A performance review by Nick Pearce
At first, I believed this play was solely about a sexual assault. As I walked into the theatre, I was handed a pamphlet entitled “10 Ways Young Men Can Prevent Sexual Violence” along with my program. But the story presented by the University of Minnesota, Moorhead’s production of Paul Downs Collaizzo’s Really Really (At Normandale’s Premanand Theatre at 10 AM and 2 PM on Wednesday, January 20th) rapidly became more complicated. Really, really, complicated.
As what happens with students Davis and Leigh becomes known, more and more twists and turns come out to the story, slowly teased out between scenes, leaving viewers nearly baffled with what really happened in the story until the very last minute (and for some, not even then; I heard a few arguments over what really happened between characters later on in my hotel). And while this narrative emerges, the events force not only uncomfortable moments, but uncomfortable debates that rage in the head, regarding accusations of love, sex, belief, family, and friendship. Despite its shortcomings, Really Really proved to be a work that not only entertains, but challenges pre-conceived notions and values, and forces involved thought.
The show as an amalgam in several ways. First, the entire set was stationary, revolving mostly around the living rooms of the two students involved in the assault case; the rooms were set side by side, splitting a couch, counter, and coffee table down the middle. The mood of the script also swung back and forth; rife with jokes, moments, and one liners that caused gales of laughter, there was also a bevy of serious moments where you could hear in pin drop in a room of two hundred people. This array of contrasts was most well represented between two of the main characters: Leigh, the accuser (played in an incredibly enigmatic performance by Kali Jo Klimek), and the accused’s roommate Cooper, a self-indulgent party boy torn between a life of leisure and duty to a friend. While Klimek held an admirable restraint throughout the performance and its multiple plot twists (M. Night Shyamalan movies like The Sixth Sense seem comfortingly predictable after this show), Cooper (played in a surprisingly deep role by Collin Engler) was loud, brash, funny, and genuine. Of all the self-obsessed and shallow characters in this show, Engler managed somehow to be both the most self-centered and the most caring.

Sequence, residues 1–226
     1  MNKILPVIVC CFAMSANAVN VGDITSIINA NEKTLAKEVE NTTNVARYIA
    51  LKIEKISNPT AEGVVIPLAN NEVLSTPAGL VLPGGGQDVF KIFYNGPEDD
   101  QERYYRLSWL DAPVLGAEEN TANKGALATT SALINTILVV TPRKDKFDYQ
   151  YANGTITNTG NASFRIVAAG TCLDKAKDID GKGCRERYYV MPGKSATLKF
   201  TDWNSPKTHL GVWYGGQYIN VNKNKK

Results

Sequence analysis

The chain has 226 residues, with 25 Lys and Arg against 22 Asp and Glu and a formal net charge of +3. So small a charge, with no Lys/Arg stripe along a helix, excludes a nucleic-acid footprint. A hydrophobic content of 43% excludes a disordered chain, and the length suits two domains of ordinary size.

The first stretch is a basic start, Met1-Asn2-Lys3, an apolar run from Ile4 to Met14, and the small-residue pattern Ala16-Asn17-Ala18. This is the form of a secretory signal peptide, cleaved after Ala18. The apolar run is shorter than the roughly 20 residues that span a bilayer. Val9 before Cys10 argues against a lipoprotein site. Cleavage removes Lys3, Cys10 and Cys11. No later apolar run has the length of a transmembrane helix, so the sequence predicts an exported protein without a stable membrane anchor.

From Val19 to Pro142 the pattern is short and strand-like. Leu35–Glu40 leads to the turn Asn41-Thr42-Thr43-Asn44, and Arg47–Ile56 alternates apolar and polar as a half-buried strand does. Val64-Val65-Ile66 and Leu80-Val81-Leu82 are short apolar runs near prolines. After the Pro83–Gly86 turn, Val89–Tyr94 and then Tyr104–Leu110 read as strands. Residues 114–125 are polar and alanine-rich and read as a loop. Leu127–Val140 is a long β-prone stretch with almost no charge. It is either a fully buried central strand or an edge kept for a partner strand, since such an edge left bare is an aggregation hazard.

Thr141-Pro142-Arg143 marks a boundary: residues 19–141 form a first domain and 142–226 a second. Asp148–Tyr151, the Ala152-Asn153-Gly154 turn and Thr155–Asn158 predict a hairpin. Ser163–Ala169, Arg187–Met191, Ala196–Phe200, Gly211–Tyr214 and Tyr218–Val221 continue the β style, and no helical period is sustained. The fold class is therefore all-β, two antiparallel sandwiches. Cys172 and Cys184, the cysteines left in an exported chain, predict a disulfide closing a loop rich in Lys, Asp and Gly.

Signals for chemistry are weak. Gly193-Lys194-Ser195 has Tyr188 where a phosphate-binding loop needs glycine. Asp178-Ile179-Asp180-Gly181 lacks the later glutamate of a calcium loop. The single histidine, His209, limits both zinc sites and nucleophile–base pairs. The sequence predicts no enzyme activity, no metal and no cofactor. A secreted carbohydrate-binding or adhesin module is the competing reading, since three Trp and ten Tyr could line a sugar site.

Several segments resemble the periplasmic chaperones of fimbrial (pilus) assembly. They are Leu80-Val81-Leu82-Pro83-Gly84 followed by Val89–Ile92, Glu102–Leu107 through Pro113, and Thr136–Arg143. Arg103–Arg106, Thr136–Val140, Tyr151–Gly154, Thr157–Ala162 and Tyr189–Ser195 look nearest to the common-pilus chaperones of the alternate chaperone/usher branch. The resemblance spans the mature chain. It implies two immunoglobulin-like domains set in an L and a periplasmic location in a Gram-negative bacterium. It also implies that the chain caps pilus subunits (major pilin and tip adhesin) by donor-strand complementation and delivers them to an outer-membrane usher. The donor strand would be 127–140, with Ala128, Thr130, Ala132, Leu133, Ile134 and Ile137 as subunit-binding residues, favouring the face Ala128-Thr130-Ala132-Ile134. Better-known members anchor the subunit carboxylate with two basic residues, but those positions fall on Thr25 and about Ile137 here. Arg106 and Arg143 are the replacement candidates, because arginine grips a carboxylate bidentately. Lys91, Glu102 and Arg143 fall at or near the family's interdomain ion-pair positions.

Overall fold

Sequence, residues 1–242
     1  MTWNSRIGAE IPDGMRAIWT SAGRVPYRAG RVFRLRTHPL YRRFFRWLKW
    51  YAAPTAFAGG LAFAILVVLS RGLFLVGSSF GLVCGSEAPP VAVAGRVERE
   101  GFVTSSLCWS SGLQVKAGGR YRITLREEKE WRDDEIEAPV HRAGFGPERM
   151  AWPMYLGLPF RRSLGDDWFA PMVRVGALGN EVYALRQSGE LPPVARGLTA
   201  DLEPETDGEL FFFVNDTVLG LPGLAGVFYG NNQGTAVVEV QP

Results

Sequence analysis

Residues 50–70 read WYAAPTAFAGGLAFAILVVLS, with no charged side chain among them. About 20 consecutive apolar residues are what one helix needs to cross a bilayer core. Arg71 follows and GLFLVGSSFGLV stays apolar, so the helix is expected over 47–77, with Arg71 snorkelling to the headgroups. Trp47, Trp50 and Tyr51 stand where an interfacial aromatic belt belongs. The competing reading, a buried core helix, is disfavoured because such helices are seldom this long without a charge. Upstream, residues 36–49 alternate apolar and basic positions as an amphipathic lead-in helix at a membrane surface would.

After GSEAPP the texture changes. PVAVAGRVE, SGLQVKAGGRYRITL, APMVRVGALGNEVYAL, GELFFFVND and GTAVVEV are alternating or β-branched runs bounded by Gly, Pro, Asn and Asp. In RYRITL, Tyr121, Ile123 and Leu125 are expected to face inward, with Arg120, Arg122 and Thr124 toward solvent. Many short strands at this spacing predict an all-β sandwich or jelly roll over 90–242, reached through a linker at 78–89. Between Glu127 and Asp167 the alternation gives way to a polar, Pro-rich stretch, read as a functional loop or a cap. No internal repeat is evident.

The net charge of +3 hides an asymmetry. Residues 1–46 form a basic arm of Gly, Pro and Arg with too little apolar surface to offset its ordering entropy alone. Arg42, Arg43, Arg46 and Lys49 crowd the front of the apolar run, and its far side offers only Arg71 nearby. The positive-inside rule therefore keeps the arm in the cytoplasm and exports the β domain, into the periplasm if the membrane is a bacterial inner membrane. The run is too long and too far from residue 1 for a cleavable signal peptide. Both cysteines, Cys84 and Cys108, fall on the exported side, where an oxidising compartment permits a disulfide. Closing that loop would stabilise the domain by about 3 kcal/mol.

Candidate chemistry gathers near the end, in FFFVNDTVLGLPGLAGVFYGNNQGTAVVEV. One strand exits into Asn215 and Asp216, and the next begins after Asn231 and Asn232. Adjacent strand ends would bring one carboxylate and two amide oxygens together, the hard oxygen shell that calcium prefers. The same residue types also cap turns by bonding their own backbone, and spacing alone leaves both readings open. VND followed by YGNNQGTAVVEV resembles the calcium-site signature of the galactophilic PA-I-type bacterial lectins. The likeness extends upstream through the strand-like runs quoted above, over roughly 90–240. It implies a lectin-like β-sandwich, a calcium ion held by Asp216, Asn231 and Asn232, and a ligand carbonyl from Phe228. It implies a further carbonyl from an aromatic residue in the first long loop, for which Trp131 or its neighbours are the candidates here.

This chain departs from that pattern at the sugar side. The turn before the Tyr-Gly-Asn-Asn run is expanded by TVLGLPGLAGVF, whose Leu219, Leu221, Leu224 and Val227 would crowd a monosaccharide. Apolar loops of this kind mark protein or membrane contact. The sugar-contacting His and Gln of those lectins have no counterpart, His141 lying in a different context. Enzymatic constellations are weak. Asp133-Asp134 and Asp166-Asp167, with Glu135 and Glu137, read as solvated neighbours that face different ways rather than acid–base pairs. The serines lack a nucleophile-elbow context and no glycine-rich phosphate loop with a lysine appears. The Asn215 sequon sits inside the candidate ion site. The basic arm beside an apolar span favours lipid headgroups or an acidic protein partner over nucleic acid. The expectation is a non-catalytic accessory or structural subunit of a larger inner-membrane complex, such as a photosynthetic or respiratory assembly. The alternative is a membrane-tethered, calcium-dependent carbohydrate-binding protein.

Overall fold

The main issue I believed that the show faced was its script. The dialogue felt stale at times, and conversation sometimes seemed like characters were just throwing words at people who weren’t listening, waiting only for their turn to throw out their lexical choice. Whether an intentional choice or not, this resonated with me, and followed the path that characters took to be self-absorbed. This was brought to a head by the end of the show, where I was convinced that the central tenet and theme of this production was not the sexual assault, but the increasingly self-absorbed generation of younger millennials. A character named Grace (Erika Rosenkranz), the president of the Future Leaders of America, says as much; terming her (and, since she’s a college student, our) age group “The Me Generation”, and, while this doesn’t sound flattering, is accurate. The characters reminded me of a crew for a sinking boat. Rather than paddle together and bail out water to stay afloat, all of them jumped ship. Despite the script making her speeches sound stale and slightly preachy, they were brought off the page by Rosenkranz with a comical and eerily on-point approach.
For better or worse, our generation is self-obsessed. We have access to a range of social media platforms that is unheard of in our parent’s time. We are the first generation to name pictures of ourselves (ask Grandma if she took selfies back in the day). We can retweet easier than we relate. And that has changed us. Even while contemplating the ideals of this newly named generation, I can see that it’s true. And, perhaps most disturbingly of all, I’d never considered it before. Whether that stems from a lack of my understanding, a surplus of confidence, or a damning confirmation of my place in this generation, remains to be seen. Rest assured, upon viewing this, you will be engrossed, and you will be challenged. Really really.
Really Really by Paul Downs Colaizzo
Presented by Minnesota State University Moorhead Theatre
Director: Craig A. Ellingson
Lighting designer: Laura Berger
Technical Director: James Stenger
Assistant Director: Samantha Lorenz
Stage Manager: Michelle Soto
Costume Designer: Katie Van Haren
Scenic Designer: Ricky Greenwell
Assistant Stage Managers: Allie Bell, Wyatt Sander
Prop Master: Carina Du Marce
Master Electrician: Brodigan Morton
Light Board Operator: Annie Peck
Sound Board Operator: Ben Stoddard
Wardrobe: Nate Pace
Dramaturg: Caleb Reich